From the New York Times: Scorpions for Breakfast and Snails for Dinner.
In Beijing, where my family lives, I once returned home from a restaurant with a doggy bag full of deep-fried scorpions. The next morning, I poured them instead of imported raisin bran into my 11-year-old son’s cereal bowl. I wanted to freak him out. The scorpions were black and an inch long, with dagger tails.
“Scorpions!” shrieked my son, Roy. “Awesome!”
I had to stop him from chomping them all then and there, like popcorn. Then an idea struck him. “Dad, can I take them to school as a snack?”
This is what eating is like in my household. My children eat anything. My 9-year-old daughter reaches for second helpings of spinach, and when we eat out I have to stop her brother, now 13, from showing off the weird things he’ll consume by ordering goat testicles. Think of a child staging a sit-in at his suburban dinner table because there’s a fleck of dried parsley on his breaded fish finger, and you have imagined everything my children are not.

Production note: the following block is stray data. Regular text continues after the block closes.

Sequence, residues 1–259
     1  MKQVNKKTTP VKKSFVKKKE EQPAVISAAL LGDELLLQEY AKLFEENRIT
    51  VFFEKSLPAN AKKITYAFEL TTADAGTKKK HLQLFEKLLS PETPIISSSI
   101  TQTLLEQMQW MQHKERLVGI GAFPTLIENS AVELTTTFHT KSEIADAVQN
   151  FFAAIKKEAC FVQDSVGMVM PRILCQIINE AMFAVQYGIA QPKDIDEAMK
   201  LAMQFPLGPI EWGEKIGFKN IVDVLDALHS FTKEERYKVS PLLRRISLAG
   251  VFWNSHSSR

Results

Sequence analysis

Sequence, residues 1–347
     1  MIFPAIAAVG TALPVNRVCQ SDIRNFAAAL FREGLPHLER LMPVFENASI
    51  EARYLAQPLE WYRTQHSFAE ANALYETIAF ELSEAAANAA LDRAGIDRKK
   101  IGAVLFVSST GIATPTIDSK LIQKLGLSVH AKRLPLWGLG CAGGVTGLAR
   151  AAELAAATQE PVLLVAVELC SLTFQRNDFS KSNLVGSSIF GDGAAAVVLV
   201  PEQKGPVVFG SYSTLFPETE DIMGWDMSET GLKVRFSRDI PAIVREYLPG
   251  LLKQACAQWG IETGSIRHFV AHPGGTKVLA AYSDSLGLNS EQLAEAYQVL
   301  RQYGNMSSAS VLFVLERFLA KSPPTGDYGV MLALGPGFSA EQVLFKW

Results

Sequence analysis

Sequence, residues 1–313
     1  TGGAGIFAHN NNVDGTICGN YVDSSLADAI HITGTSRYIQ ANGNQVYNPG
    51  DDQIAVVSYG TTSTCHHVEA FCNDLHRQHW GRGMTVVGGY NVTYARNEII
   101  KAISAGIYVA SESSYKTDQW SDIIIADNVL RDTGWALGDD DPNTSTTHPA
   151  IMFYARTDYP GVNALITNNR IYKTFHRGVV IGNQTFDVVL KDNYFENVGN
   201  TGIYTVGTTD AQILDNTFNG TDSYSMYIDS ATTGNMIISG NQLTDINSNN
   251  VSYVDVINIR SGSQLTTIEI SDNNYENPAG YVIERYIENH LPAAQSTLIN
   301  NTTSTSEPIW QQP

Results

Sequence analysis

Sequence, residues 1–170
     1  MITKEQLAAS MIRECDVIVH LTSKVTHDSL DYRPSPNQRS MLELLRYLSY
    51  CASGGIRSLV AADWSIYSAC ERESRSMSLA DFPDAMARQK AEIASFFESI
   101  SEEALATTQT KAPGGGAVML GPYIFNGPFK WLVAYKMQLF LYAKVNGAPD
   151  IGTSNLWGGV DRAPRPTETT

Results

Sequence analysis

So when I read of American parents who hide spinach in brownie mix and serve it for dessert (“Your kids will never guess,” Parents magazine promised), it spurs me to offer advice to my compatriots back home. [continue]
I’d be shrieking. And not with delight. Scorpions? I don’t even like spiders although snails….
My sister and I were raised like that. We each were allowed one food we would not eat and could consum crackers and juice in its place. Any other food placed before us we were expected to eat and not comment except to say yummy, yummier, yummiest — or words to that effect. My verboten food was oysters. To this day, I will not eat oysters. Hers was liver. No liver, not even at the point of a gun.
As a result, I’ve been an omnivore in the truest sense of the word. The trait has stood me in good stead during my travels and years in residence throughout Europe and Asia, where people delight in serving you their most exotic or unusual or just plain favorite foods. All consumed with relish, many expressions of thanks, exchanges of gifts and a good time all around.
Fried grasshoppers, anyone? Very crunchy, I’ve been told.